Psoriasis is an autoimmune disease that causes inflammation and fast cell growth on the skin. Patches of red, scaly skin develop as skin cells amass. These patches can appear on your body in any location, including your mouth.
Psoriasis can also affect the tongue, albeit it’s uncommon. An inflammatory illness affecting the sides and top of the tongue may be linked to psoriasis on the tongue. Geographic tongue is the name for this disorder.
Symptoms Of Psoriasis On The Tongue
Because the symptoms of psoriasis on the tongue might be subtle or even invisible, it can be challenging to diagnose. However, these symptoms might cause extreme pain or swelling for some people, making it impossible to eat or drink.
The following are some of the symptoms of psoriasis on the tongue:
- Bordered in red with yellow or white
- On the tongue, there is swelling and redness.
- Smooth spots, fissures, or cracks on the tongue’s surface.
Psoriasis has no recognized cause; however, there is a hereditary relationship. An overly reactive immune system also characterizes psoriasis. Flare-ups appear to be triggered by specific triggers in certain people, such as emotional stress, illness, or injury.
Psoriasis can develop in any part of the body. Doctors aren’t sure why it flares up in certain people’s mouths or tongues, but it’s an unusual spot. Psoriasis can affect one or more areas of the body, and it might appear in unexpected places. Psoriasis is not communicable and cannot be passed on to others, regardless of where it develops.
What are the treatments available for tongue psoriasis?
The diagnosis of psoriasis in or around the mouth can be difficult. For starters, it’s uncommon, so doctors don’t see it all that often. It might also resemble other illnesses such as thrush or eczema. However, if you’ve been diagnosed and have trouble sleeping, treatments are available to help you feel better.
Psoriasis is a long-term illness. Psoriasis will never go away completely, even with treatment. As a result, treatment seeks to alleviate symptoms while also assisting the disease’s remission. A time of little or no disease activity is referred to as remission. There are fewer symptoms as a result of this.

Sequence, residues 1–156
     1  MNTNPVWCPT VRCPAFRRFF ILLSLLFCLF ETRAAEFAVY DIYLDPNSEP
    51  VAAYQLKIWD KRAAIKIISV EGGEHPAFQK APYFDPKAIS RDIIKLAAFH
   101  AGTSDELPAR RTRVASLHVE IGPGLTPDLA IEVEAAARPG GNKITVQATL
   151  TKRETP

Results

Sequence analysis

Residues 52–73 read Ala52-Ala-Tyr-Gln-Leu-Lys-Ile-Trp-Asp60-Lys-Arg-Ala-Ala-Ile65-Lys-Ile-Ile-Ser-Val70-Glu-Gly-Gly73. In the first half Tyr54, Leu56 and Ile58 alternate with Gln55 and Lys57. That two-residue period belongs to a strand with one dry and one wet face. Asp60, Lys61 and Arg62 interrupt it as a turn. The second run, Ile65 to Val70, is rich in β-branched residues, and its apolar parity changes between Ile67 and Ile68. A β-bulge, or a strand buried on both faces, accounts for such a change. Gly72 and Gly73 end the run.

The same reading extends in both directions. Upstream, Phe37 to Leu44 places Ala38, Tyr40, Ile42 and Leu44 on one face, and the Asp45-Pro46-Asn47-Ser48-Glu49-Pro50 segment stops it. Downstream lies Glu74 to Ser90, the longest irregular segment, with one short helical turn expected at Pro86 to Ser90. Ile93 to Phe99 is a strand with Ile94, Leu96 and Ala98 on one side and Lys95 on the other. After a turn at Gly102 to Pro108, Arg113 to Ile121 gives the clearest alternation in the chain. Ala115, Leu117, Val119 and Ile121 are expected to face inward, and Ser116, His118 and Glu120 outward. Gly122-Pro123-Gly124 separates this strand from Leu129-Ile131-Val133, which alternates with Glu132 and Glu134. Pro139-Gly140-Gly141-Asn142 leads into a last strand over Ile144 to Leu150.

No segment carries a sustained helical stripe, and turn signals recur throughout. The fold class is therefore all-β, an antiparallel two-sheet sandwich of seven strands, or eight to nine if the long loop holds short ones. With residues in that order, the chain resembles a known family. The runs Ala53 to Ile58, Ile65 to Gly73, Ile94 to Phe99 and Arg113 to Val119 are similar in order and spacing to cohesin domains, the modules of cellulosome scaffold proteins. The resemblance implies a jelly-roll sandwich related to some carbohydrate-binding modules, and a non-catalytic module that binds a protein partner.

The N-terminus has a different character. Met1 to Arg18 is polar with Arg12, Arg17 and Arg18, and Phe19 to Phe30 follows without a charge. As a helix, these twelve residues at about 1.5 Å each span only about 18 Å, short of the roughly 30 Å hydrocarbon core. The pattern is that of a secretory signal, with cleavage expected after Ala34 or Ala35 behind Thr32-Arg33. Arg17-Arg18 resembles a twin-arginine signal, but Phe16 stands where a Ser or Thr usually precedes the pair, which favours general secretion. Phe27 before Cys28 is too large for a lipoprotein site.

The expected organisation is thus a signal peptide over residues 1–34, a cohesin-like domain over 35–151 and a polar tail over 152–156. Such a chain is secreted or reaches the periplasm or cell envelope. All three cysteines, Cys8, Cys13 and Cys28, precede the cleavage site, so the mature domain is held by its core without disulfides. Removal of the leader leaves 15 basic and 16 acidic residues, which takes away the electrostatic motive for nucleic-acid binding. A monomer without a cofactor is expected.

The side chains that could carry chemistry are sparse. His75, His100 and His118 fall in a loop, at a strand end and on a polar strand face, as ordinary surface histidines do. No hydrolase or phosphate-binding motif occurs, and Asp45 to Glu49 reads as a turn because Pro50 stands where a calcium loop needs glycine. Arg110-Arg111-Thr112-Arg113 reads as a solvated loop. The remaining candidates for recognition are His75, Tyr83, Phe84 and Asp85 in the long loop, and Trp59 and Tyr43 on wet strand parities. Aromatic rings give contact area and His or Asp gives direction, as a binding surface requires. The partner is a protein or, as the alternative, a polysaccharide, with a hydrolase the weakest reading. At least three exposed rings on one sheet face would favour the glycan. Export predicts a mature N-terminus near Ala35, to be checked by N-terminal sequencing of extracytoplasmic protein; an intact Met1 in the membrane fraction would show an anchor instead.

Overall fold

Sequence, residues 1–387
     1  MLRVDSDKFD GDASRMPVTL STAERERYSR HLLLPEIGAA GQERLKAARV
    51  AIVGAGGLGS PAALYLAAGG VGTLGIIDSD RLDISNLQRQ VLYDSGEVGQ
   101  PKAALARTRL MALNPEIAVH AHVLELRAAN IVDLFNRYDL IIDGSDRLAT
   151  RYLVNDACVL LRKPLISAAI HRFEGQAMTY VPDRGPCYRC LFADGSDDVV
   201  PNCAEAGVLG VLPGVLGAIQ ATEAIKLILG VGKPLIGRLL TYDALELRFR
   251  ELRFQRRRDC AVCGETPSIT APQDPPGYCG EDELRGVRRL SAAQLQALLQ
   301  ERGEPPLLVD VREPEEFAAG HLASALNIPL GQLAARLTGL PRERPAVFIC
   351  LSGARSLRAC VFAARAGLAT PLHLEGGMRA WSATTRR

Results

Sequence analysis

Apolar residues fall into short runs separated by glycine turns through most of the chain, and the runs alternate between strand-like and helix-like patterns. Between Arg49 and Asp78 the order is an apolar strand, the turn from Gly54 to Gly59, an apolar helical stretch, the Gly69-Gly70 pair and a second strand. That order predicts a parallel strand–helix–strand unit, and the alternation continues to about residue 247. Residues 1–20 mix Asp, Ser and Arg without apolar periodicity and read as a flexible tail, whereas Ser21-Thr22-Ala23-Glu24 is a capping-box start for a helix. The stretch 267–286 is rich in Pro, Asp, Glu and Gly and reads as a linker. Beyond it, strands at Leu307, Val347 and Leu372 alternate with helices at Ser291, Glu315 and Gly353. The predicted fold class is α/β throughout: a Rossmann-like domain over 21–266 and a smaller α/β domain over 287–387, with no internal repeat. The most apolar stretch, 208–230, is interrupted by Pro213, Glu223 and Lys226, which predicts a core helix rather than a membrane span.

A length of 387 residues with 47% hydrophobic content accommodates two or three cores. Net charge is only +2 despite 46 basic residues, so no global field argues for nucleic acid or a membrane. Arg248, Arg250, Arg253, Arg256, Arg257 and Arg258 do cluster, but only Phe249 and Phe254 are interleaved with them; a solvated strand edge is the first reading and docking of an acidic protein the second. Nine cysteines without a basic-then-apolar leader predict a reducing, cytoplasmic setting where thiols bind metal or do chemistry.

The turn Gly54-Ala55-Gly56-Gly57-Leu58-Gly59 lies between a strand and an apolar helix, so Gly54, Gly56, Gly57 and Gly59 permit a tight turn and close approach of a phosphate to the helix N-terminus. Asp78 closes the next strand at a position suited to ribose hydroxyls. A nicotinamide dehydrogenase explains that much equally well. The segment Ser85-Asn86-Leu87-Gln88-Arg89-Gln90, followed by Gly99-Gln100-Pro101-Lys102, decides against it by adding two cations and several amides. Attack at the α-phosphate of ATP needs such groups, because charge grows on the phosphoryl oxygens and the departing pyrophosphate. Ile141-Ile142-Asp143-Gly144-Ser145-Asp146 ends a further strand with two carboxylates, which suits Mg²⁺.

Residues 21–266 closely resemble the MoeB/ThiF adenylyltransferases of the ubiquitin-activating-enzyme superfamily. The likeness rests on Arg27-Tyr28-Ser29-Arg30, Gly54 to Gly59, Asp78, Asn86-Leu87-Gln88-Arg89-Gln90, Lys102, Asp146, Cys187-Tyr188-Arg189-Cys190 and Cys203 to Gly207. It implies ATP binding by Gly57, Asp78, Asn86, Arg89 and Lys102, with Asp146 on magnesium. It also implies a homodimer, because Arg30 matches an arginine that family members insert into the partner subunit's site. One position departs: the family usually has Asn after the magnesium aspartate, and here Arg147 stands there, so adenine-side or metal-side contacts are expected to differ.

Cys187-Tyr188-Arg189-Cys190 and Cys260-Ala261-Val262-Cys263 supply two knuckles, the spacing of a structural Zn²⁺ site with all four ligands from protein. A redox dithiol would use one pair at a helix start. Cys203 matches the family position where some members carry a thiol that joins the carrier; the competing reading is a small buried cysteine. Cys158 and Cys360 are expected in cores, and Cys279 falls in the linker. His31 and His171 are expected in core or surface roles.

Psoriasis can be treated with a variety of methods, including oral medicines. Oral medications are a type of systemic treatment, meaning they affect your entire body. Because these medications are so powerful, doctors usually only use them to treat severe psoriasis. These medications are often reserved for those who have had little success with previous psoriasis therapies. Unfortunately, they can result in a wide range of adverse effects and problems. They are as follows:
- over the counter steroid creams
- cyclosporin (Gengraf)
- apremilast (Otezla)
- acitretin (Soriatane)
- methotrexate (Trexall)
To relieve discomfort, your healthcare professional may advise you to rinse your mouth often with alkaline solutions or ones containing an anesthetic such as lidocaine.
Keep in mind that there are things you can do to reduce the severity of your symptoms. It is critical to maintaining appropriate dental hygiene at all times. Learn how to stay away from common irritants. Smoking, alcohol, spicy meals, and dentures or braces can irritate the skin and induce psoriasis flare-ups.
Psoriasis has no known cure. On the other hand, treatment can assist you in properly managing the disease and alleviating its symptoms. However, there’s no way of knowing if you’ll have any further tongue flare-ups. Psoriasis is a chronic skin disorder that lasts a lifetime. It’s critical to locate a dermatologist who can help you monitor and manage your condition.
Psoriasis can make you feel self-conscious, which can lead to feelings of melancholy or isolation. Tell your doctor if your psoriasis is affecting your quality of life. You might also wish to look for local or online support groups for people dealing with psoriasis.